I would like to know exactly where these nails are Preston, that you always find. Are they truly the nails used for roof decking or are they valley jack nails where no valley jack is present, and you are assuming that they are the same as the roof decking nails?

The other thing is, how do you know which nails are which using the MT-6?

Amico (196) (Custom).JPG

Amico (197) (Custom).JPG

Amico (195) (Custom).JPG

Purdy shiners you got there. Wish I could find some like that.

Come to South Florida…almost every re-roof looks like that.

1 Like

This was a great question for the board. Many more members will benifit that just the member who posed the question. Our industry as a whole will benifit.

Unfortunatly, arguing about what the form should or should not require is irrelevant. The 1802 has these requirements, and like it or not. We have to abide by them.
We need to focus on educating members to provide an accurate report that meets the requirements.

If the topic of a valid wind mitigation report with the required documentaion is so objectionable, focus the negative attention somewhere else. The OIR is responsive to positive feedback and may be open to your input.

Slamming the requirements of the form doesn’t help anyone.

I have contacted the OiR,

on several occasions to illustrate my concerns. I have also spoken with one of the head guys at Citizens about this very issue.

It is why I posted the comment about contacting the building department, getting a copy of the permit and all of the associated paperwork that goes with it, including the re-nailing affidavit, and submit that.

This is what you are looking for:

I am not bashing the form, it is what it is.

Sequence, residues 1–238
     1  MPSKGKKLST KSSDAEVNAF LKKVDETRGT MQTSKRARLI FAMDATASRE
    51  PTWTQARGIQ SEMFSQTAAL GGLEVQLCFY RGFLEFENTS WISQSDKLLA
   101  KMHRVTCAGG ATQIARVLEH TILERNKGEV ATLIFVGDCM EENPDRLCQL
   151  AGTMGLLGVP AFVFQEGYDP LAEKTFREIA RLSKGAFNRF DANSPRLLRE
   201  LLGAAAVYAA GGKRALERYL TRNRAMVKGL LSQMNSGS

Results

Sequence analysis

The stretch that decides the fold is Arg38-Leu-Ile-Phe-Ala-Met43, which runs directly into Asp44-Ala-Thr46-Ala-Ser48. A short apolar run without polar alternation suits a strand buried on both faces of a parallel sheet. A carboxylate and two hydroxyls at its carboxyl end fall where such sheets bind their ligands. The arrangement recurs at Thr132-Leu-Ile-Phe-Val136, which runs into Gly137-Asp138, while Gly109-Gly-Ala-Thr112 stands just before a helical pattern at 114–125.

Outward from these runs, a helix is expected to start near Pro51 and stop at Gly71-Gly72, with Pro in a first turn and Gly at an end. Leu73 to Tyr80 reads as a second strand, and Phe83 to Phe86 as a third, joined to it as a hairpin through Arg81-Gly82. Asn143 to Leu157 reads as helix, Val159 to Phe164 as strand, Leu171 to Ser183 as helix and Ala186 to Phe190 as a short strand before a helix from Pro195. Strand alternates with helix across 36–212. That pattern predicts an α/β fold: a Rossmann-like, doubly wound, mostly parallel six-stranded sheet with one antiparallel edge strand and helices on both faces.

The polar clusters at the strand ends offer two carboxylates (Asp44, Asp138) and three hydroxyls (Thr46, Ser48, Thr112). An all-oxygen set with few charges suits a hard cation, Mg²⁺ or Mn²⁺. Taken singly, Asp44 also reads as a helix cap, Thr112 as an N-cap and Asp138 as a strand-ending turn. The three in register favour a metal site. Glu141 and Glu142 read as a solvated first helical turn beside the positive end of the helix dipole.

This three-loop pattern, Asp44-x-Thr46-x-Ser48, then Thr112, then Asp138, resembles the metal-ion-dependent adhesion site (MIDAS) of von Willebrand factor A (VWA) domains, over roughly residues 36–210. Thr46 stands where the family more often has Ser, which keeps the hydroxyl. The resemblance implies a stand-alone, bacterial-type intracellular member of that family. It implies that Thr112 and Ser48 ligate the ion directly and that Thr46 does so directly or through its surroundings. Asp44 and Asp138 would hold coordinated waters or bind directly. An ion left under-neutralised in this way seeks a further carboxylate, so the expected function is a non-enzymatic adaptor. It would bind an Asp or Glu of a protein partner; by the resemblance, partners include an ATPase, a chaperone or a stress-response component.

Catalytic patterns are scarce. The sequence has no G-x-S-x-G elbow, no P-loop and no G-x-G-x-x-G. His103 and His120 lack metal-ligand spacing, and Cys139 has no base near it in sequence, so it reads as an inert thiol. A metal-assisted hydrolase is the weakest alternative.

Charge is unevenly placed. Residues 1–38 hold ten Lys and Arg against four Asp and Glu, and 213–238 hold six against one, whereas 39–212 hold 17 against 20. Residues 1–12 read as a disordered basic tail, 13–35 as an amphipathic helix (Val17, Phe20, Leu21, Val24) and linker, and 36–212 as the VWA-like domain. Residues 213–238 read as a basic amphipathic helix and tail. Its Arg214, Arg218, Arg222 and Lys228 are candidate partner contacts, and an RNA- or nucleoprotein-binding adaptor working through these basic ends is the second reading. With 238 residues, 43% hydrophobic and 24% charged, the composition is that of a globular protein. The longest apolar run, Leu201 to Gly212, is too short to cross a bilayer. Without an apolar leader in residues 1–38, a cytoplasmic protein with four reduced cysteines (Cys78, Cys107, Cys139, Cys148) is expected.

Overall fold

I would have to say Jay has put it as simple as it can be. The OIR has been very receptive to the industry. Everyone does know there have been meetings in Tallahassee right? I think I saw Jay there…

Yes, I was sitting next to you, John, & Russel.


I just passed my wind mitigation course, And I am new to the business. wanted to see if any one can help me find some sample wind mitigation reports and ideas so my FIRST report could look professional. FUSTRATED

Search the board there are several guys offering the programs that run on adobe.

John Shishilla has a set that is very good.

Good luck and update your location, we like to know were people are operating. :smiley:

John, I HAVE taken the course. And passed. I even went back and reviewed it again. It doesn’t suggest a photo of the shiner, with a measuring tape is needed.
In the several years of doing these, I haven’t been asked for this until now. I do have pics of the shiners, but not being measured.

It just seems that every time I turn around, I get different requests from different insurers… so much for the standard form!

I have always included a photo of a ruler next to 8d nails.

Here are some quotes from the class.

This is another great reason on why it is so important to come to the meetings and the up coming convention. The convention will have a class on insurance inspections and you can also network with other inspectors to gain information.

Or maybe the O.I.R. should put any requirements on the form in a clear manner.

They wouldn’t want to do that…